La Santissima Trinita was one of the last of Alessandro
Scarlatti’s forty or so oratorios. It was performed in Naples
in May 1715. By 1715 Scarlatti’s career had taken him to Rome,
Naples, Venice and Tuscany. In 1708 he returned to Naples and
was based there for the remainder of his career. In fact, most
of Scarlatti’s oratorios were written for Rome. The genre had
originated there and it continued to flourish, nourished by
the fact that the Popes were opposed to opera per se.
In fact many oratorios had a dramatic structure not unlike opera
and were effectively sacred operas. Scarlatti’s previous efforts
in the genre had been mainly either dramatic settings of Old
Testament subjects such as Judith or Cain, or paraphrases of
the New Testament.
La Santissima Trinita is different to these, instead
of a dramatic biblical theme, it takes as its subject a theological
discussion on the mysteries of the Holy Trinity. This type of
oratorio originated in the 17th century and by the
early 18th was becoming quite rare. Though in fact
Handel’s Trionfo el Tempo e del Disinganno (from 1707)
and Caldara’s Vaticini del Pace (from 1712) are similar
The work was intended to be an aid to religious learning, the
idea being that these things are easier if they contain an element
of enjoyment. This clothing of learning in a lighter garb was
something that the Jesuits were quite keen on. It is probably
that La Santissima Trinita was acted out in front of
the altar at one of the Conservatories where castrati were trained.
Whilst the libretto might be rather dry, the music is anything
but. Scarlatti seems to have used all of his charms to elucidate
the text and the result is a charming and involving work. Amazingly
he uses quite small forces to do this: five soloists accompanied
by strings and continuo, singing alternating arias and recitatives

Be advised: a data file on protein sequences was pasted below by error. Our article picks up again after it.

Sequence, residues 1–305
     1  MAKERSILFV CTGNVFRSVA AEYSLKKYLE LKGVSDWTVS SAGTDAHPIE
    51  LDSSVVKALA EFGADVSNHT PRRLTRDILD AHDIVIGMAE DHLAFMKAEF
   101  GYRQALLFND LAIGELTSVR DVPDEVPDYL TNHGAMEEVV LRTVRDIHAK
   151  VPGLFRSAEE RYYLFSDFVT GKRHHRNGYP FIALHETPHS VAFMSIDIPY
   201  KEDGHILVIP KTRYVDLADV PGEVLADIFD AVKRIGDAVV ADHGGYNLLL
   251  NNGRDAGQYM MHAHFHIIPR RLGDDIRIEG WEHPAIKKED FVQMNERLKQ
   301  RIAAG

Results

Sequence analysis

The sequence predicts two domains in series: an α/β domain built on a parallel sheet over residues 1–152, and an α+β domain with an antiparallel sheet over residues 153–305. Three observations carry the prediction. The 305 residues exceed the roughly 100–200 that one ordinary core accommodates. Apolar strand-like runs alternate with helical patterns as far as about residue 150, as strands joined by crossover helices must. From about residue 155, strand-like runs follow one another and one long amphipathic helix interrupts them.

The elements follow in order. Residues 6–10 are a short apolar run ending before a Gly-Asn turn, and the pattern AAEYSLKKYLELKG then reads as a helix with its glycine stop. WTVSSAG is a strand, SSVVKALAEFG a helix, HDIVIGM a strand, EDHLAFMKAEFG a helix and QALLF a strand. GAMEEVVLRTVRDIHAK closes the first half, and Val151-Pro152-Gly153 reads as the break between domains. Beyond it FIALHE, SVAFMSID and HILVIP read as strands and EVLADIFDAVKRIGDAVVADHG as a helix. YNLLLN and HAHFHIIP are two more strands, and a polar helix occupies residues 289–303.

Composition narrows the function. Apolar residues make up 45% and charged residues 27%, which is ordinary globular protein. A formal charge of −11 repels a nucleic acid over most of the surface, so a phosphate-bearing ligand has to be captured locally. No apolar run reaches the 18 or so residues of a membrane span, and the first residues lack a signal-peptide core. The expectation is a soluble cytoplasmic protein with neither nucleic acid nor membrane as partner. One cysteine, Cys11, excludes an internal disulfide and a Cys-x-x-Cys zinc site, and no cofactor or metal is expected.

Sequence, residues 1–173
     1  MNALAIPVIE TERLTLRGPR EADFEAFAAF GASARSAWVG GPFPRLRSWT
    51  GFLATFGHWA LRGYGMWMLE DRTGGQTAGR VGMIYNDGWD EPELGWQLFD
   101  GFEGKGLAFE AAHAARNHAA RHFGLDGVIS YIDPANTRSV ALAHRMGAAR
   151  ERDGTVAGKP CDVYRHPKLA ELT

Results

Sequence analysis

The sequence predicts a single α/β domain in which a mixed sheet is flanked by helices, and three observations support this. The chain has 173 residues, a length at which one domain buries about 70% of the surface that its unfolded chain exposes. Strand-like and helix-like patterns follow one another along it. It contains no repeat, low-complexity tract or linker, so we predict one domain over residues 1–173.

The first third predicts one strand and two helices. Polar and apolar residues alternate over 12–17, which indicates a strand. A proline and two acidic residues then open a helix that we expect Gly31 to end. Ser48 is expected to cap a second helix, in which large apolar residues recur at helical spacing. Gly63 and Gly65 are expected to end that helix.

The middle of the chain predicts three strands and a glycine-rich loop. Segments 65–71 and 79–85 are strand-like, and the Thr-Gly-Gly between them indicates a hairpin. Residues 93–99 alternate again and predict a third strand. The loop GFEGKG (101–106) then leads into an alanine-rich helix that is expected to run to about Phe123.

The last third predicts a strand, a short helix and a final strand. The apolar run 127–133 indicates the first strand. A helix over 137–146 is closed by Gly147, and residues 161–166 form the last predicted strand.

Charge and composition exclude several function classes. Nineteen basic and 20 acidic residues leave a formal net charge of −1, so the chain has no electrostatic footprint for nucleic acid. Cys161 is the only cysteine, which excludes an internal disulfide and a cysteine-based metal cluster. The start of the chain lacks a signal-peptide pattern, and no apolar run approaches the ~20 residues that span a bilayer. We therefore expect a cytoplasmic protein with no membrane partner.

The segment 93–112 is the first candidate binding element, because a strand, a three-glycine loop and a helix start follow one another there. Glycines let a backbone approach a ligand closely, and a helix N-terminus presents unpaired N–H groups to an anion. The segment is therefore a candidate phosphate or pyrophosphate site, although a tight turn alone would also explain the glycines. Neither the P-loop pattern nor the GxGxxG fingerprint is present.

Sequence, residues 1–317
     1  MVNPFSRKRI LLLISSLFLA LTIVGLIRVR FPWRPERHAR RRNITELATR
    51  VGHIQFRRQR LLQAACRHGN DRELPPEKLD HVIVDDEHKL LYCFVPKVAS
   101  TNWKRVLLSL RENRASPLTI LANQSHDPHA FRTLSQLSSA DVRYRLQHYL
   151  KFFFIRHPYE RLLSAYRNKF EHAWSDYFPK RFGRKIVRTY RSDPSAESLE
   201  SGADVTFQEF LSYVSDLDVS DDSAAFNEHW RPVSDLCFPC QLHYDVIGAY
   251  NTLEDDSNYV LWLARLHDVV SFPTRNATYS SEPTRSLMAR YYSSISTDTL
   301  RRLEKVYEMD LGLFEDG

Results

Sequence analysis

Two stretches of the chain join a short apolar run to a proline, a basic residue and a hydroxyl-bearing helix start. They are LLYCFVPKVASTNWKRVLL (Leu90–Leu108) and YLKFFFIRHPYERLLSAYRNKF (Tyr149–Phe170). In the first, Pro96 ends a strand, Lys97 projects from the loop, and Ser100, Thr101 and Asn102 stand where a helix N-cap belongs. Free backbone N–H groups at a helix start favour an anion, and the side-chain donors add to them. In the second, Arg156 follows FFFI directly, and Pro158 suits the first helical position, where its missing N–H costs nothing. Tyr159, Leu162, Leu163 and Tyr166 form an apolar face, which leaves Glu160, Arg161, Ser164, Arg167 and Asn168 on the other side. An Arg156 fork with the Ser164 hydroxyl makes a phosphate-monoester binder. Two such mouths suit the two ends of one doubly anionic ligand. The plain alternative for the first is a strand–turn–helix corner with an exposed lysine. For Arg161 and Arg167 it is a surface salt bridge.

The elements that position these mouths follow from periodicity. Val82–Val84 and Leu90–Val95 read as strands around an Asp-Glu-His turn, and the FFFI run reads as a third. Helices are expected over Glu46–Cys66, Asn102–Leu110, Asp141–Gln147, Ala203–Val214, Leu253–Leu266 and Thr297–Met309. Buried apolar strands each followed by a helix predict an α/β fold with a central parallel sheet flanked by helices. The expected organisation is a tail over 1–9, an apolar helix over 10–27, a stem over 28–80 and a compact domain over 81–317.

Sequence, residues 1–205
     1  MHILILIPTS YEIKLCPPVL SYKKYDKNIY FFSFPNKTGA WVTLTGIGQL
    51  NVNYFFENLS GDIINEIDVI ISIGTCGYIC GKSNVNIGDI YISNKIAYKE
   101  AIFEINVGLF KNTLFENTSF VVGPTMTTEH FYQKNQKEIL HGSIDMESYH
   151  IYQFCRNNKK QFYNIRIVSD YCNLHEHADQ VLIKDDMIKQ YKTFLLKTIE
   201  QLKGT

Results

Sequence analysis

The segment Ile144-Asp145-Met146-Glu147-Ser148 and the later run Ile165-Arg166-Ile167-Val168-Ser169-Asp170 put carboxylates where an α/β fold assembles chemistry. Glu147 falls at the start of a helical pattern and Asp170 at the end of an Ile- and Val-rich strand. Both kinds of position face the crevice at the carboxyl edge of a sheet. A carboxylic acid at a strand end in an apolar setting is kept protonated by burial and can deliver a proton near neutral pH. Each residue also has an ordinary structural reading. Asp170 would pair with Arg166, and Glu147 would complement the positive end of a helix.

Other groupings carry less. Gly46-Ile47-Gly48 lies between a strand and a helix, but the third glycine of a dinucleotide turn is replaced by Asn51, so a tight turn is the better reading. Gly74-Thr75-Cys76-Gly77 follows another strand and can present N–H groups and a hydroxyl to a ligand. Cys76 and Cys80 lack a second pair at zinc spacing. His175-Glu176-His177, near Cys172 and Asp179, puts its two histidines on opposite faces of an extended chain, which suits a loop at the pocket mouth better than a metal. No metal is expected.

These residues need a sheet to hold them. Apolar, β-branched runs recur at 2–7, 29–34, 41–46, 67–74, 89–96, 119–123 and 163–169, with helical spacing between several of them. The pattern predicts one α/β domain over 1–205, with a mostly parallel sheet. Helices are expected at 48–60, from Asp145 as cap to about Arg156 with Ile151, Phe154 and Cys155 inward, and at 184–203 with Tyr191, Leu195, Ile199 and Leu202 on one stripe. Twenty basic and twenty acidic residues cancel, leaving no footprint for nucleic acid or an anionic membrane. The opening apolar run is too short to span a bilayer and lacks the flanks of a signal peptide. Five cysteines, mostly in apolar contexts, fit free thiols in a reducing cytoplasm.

with the occasional duet and a final quintet. In terms of textures,
Scarlatti introduces elements of the concerto grosso to provide
a wonderful variety.
As might be expected given the 18th century emphasis
on high voices, the higher voices are the most important. Fede
(Faith), soprano, gets five arias and four duets; Amor divino
(Divine Love), soprano, gets four arias and two duets, Teologia
(Theology), mezzo-soprano, gets four arias and one duet, Infedelta
(Faithlessness), tenor, gets three arias and one duet, with
Tempo (Time), bass, receiving just three arias. The oratorio
is in two parts and there would have been a sermon between the
The musical style is primarily operatic and the original singers
would have found Scarlatti’s arias not very much different to
those in his operas. Despite the rather dry tone of the libretto,
Scarlatti creates a rather dramatic whole. The musical material
is surprisingly varied and the singers make the most of it.
This is certainly no sober religious offering, but a lively
and dramatic piece.
This recording was first issued in 2004 and is one of a number
of recordings of Scarlatti’s oratorios made by Fabio Biondi
and Europa Galante. There is an extremely strong cast, with
Roberta Invernizzi as Fede, Veronique Gens as Amor divino, Vivica
Genaux as Teologia, Paul Agnew as Infedelta and Roberto Abbondanza
The results are as ideal as could be. Scarlatti’s imagination
seems to have been amazingly fertile given the rather limited
palate of colours that he had available. Time and again I found
details and textures which delighted, such as the aria Teologia
accompanied just by two cellos and continuo. The instrumental
playing is of a fine order with some lovely solo playing from
the solo instrumental quartet (Fabio Biondi, Andrea Rognoni,
Stefano Marcocchi and Maurizio Naddeo).
All three high voices, Invernizzi, Gens and Genaux, have their
moments in the spotlight and all three do not fail to delight.
Agnew makes an impassioned Infedelta with Abbondanza as a fine
But much as I enjoyed the work, I would rather have liked to
know what was going on. For this re-issue Virgin have omitted
the libretto and though there is a fine article on the work,
there is no detailed synopsis.
This disc must rank as one of my discoveries of the year; some
very fine singing and playing, combined with a work which seems
to have an abundance of variety, displaying Scarlatti’s genius
at its best. Just don’t ask what’s going on.